The `sumArray` function takes the address of an array and the array’s associated length and sums up all the elements in the array. Now take a look at the corresponding assembly for the `sumArray` function:

```<sumArray>:
<+0>:  push %ebp                    # save ebp
<+1>:  mov  %esp,%ebp               # update ebp (new stack frame)
<+3>:  sub  \$0x10,%esp              # add 16 bytes to stack frame
<+6>:  movl \$0x0,-0x8(%ebp)         # copy 0 to %ebp-8 (total)
<+13>: movl \$0x0,-0x4(%ebp)         # copy 0 to %ebp-4 (i)
<+20>: jmp  0x80484ab <sumArray+46> # goto <sumArray+46> (start)
<+22>: mov  -0x4(%ebp),%eax         # copy i to %eax
<+25>: lea  0x0(,%eax,4),%edx       # copy i*4 to %edx
<+32>: mov  0x8(%ebp),%eax          # copy array to %eax
<+35>: add  %edx,%eax               # copy array+i*4 to %eax
<+37>: mov  (%eax),%eax             # copy *(array+i*4) to %eax
<+46>: mov  -0x4(%ebp),%eax         # copy i to %eax
<+49>: cmp  0xc(%ebp),%eax          # compare i with length
<+52>: jl   0x8048493 <sumArray+22> # if i<length goto <sumArray+22> (loop)
<+54>: mov  -0x8(%ebp),%eax         # copy total to eax
<+57>: leave                        # prepare to leave the function

When tracing this assembly code, consider whether the data being accessed represents an address or a value. For example, the instruction at `<sumArray+13>` results in `%ebp-4` containing a variable of type `int`, which is initially set to 0. In contrast, the argument stored at `%ebp+8` is the first argument to the function (`array`) which is of type `int *` and corresponds to the base address of the array. A different variable (which we call `total`) is stored at location `%ebp-8`.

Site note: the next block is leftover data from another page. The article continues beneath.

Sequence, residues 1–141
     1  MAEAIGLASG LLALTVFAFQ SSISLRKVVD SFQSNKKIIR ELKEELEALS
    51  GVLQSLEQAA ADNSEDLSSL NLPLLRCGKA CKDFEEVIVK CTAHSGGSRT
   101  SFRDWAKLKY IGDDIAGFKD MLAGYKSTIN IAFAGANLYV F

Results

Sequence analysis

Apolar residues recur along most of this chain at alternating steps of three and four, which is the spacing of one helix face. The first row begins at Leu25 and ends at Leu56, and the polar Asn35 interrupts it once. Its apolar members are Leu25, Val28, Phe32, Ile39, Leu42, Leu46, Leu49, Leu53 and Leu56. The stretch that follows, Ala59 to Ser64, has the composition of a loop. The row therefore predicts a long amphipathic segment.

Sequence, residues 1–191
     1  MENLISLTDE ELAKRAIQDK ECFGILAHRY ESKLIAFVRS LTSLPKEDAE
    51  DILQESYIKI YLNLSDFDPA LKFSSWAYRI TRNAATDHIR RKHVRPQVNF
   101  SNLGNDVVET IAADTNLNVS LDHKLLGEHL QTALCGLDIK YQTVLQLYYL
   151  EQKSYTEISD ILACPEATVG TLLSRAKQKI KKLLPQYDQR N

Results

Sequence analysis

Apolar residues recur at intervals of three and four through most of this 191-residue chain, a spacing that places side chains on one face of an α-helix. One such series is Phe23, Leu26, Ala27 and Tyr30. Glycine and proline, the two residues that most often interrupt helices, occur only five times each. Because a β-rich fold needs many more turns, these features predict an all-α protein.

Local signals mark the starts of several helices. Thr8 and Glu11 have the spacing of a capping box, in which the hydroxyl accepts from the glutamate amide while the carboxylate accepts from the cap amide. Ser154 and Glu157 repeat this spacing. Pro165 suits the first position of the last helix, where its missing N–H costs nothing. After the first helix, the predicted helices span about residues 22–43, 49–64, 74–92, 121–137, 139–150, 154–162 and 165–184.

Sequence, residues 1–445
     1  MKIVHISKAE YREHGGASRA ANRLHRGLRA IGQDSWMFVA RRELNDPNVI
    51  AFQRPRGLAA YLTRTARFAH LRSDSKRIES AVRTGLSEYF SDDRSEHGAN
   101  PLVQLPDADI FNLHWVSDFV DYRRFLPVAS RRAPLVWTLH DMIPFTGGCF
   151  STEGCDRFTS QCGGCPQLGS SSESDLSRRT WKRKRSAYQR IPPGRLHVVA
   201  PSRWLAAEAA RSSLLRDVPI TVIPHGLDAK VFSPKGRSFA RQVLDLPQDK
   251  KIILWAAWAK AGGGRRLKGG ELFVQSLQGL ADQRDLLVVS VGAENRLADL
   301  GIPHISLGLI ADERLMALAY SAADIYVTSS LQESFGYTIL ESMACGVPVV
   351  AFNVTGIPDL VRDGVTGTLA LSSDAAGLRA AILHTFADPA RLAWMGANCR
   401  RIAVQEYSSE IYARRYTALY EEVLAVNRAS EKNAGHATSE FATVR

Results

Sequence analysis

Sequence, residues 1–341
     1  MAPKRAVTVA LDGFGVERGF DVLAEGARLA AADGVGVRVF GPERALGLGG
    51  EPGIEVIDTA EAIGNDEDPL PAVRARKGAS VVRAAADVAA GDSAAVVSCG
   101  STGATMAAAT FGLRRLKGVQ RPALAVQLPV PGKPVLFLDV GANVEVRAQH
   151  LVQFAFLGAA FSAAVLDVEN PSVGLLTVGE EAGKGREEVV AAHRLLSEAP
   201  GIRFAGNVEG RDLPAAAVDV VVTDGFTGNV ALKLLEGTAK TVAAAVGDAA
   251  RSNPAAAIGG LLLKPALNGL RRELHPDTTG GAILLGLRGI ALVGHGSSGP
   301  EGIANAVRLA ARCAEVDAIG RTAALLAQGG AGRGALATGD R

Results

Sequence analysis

Let’s take a closer look at the five instructions between locations `<sumArray+22>` and `<sumArray+39>`:

```<+22>: mov  -0x4(%ebp),%eax      # copy i to %eax
<+25>: lea  0x0(,%eax,4),%edx    # copy i*4 to %edx
<+32>: mov  0x8(%ebp),%eax       # copy array to %eax
<+35>: add  %edx,%eax            # copy array+i*4 to %eax
<+37>: mov  (%eax),%eax          # copy *(array+i*4) to %eax
Recall that the compiler commonly uses `lea` to perform simple arithmetic on operands. The operand `0x0(,%eax,4)` translates to `%eax*4 + 0x0`. Since `%eax` holds the value `i`, this operation copies the value `i*4` to `%edx`. At this point, `%edx` contains the number of bytes that must be added to calculate the correct offset of `array[i]`.
The next instruction (`mov 0x8(%ebp), %eax`) copies the first argument (the base address of `array`) into `%eax`. Adding `%edx` to `%eax` in the next instruction causes `%eax` to contain `array+i*4`. Recall that the element at index i in `array` is stored at address `array + sizeof(T) * i`. Therefore, `%eax` now contains the assembly-level computation of the address `&array[i]`.
The instruction at `<sumArray+37>` dereferences the value located at `%eax`, placing the value `array[i]` into `%eax`. Lastly, `%eax` is added to the value in `%ebp-8`, or `total`. Therefore, the five instructions between locations `<sumArray+22>` and `<sumArray+39>` correspond to the line `total += array[i]` in the `sumArray` function.